The message really speaks to me.  Whenever I am trying to get through a personal struggle or pain, one part of my healing process is to just dismiss it because other people around the world have it harder.  I think Why am I complaining about something so insignificant when people are starving or being murdered by their government?  It took me a long time to realize that I cannot think that way.  Sure, it is great to have that kind of perspective, so I don’t become an entitled dick.  However, I can’t live my life comparing myself to other people even if I am trying to focus on what is good in my life.  Everyone has problems that we must work through, but it is detrimental to one’s own mental health to compare themselves to other people.

I know I am going to listen to Benjamin Clementine nonstop all week.  And I am eager to see how his career evolves.  I would love to see him in concert where he is the highlight people paid to see.  Perhaps he’ll get the attention he deserves.

“this must be the place (naive melody)” – talking heads (1983)


I turn 30 next week and I’m flying to New York City on my birthday to spend a few days in the Big Apple.  I booked this trip randomly as a spur of the moment type of thing.  A friend had posted that flights to NYC were only $80 on United and the timing felt right.

Making a random purchase like that is big for me.  I don’t usually spend money on things like flights without putting a ton of thought into it.  Really thinking about it for weeks or even months.  The reason is that money really stresses me out.  I don’t like spending it.  I make enough at my job to enjoy myself and I’m really good at saving money, so I’m not hurting financially.  However, I still hate spending money.

A few years ago, after a nasty break-up, I was flat broke.  I lost my job the same week as that break-up and worked low-paying temp jobs for the last half of the year.  I was scared.  I didn’t know what my future looked like.  I craved stability.

I got the idea in my head that the military was the answer (it was my dad who made one off-handed comment as something to consider).  I spent late summer of 2014 through late winter of 2015 preparing to become an officer in the Air Force.  The only thing driving me was that I wanted financial security and not have a job that I could just lose again.  I was also nursing a broke heart, so I wasn’t feeling great or thinking straight at all.  It was pure survival mode.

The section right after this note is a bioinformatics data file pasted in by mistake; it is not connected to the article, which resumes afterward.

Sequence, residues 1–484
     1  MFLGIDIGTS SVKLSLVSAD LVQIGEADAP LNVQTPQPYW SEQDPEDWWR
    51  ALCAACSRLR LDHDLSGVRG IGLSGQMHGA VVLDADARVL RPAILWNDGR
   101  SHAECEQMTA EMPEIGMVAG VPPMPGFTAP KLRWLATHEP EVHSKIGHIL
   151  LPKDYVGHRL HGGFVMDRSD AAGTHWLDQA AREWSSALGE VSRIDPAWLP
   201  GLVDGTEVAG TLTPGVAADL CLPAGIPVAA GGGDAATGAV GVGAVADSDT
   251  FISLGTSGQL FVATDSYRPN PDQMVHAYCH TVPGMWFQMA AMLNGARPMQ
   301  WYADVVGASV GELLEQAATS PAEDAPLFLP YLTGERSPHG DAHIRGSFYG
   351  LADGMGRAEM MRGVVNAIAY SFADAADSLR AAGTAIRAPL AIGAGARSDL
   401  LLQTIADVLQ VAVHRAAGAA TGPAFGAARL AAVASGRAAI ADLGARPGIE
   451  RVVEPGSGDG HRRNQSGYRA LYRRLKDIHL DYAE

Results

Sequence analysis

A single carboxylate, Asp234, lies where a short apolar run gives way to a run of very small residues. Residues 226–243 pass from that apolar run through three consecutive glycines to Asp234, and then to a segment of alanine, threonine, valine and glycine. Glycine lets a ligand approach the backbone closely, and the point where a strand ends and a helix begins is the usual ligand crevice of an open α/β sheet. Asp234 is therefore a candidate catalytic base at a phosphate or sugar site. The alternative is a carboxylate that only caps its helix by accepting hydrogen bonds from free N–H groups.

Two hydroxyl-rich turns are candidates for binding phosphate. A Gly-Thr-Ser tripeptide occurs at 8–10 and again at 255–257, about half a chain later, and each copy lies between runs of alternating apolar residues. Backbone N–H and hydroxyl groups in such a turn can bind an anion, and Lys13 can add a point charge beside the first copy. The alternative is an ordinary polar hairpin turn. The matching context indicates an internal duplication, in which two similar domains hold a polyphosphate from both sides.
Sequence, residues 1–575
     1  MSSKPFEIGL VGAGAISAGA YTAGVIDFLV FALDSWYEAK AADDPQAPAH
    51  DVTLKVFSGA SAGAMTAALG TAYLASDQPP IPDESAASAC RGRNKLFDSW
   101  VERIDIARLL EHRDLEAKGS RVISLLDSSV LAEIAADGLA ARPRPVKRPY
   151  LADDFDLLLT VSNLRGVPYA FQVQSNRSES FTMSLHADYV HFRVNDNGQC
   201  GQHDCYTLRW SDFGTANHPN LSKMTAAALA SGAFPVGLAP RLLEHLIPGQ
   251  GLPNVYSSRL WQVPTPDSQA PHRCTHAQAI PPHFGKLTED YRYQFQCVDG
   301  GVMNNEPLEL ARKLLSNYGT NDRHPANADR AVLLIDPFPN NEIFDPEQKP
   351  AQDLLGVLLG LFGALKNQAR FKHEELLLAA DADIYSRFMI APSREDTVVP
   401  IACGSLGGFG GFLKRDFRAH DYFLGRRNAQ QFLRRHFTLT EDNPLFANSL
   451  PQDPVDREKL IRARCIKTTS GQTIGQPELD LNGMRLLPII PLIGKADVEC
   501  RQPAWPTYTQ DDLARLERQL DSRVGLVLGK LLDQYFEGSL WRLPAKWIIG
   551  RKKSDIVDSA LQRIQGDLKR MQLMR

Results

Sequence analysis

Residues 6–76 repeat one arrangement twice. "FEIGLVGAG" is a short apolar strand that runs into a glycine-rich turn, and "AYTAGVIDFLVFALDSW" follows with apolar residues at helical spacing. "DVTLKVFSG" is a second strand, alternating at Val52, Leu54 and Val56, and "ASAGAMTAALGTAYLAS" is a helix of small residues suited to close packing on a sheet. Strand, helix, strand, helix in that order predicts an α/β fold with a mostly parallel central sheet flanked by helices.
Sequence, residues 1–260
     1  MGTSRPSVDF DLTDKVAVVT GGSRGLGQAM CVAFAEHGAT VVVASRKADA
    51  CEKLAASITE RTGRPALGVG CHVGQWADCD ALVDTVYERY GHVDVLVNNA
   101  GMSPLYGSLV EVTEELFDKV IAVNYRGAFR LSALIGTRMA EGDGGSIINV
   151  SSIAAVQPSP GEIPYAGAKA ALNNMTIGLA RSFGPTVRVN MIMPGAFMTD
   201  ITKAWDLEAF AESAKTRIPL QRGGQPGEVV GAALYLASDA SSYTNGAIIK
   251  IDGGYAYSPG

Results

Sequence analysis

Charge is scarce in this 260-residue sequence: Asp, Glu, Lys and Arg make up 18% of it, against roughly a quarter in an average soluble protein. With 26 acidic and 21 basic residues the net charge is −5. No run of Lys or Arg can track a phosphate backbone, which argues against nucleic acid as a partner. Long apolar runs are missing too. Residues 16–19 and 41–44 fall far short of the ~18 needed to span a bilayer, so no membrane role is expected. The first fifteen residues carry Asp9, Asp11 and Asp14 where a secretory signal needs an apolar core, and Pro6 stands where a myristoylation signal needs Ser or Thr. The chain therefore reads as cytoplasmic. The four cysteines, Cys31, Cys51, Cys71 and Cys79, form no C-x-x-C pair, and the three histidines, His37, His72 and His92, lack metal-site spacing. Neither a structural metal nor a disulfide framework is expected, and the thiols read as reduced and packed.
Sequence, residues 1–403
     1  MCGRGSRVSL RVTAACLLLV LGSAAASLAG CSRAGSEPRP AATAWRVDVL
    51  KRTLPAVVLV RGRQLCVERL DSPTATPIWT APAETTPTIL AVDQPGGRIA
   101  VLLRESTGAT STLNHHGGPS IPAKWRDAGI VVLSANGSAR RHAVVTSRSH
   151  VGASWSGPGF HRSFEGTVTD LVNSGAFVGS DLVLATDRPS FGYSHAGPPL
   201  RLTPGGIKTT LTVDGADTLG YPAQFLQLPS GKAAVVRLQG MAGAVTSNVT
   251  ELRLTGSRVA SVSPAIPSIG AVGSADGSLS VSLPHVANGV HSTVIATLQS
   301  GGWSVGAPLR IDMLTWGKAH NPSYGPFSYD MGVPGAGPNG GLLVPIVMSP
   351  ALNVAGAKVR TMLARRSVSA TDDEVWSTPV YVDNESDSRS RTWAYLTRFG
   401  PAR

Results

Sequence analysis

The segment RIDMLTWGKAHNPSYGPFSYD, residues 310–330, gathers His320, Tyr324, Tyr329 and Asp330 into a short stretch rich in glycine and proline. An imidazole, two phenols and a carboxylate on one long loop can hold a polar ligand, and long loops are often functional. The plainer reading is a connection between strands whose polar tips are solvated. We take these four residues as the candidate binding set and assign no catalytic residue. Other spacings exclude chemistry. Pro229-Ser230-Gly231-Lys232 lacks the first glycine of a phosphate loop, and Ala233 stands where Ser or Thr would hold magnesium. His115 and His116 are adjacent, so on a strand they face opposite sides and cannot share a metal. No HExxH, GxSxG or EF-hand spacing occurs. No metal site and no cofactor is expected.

I spent my free time reading and studying the AFOQT (Air Force Officer Qualifying Test).  The Chicago Public Library had one copy of a testing guide for the AFOQT and I spent every night with it.  I would read through the concepts, test expectations, and run through practice tests.  Imagine it like studying for the SATs or ACTs, but you have additional sections that test navigation and other skills important to the United States Air Force.

I took the test January 2015 at the Military Entrance Processing Station (MEPS) in Rosemont sitting with 18 and 19-year-old kids.  I got the results a few weeks later and I did fairly well.  The next step, while working through my recruiter, involved getting physicals and working on job placement.  This is where things fell apart.

My career background is in media production and development.  So, upon reviewing all the potential career options in the Air Force, I decided the only thing I wanted to do was work as a Public Affairs officer.  Public Affairs deal with the media and broadcasting arm of the military.  They produce programs for the armed forces radio and television networks as well as work on public relations.

The one issue with this role is that there isn’t a lot of demand for it.  Openings are rare.  So, recruiters don’t usually like working with candidates with such a limited scope.  They have information on quotas and what is needed immediately.  So, they will do what they can to fill those quotas.  My recruiter wanted me to become a radar technician.  I fought that and said I wasn’t going to do anything other than Public Affairs.  Our relationship fizzled soon after.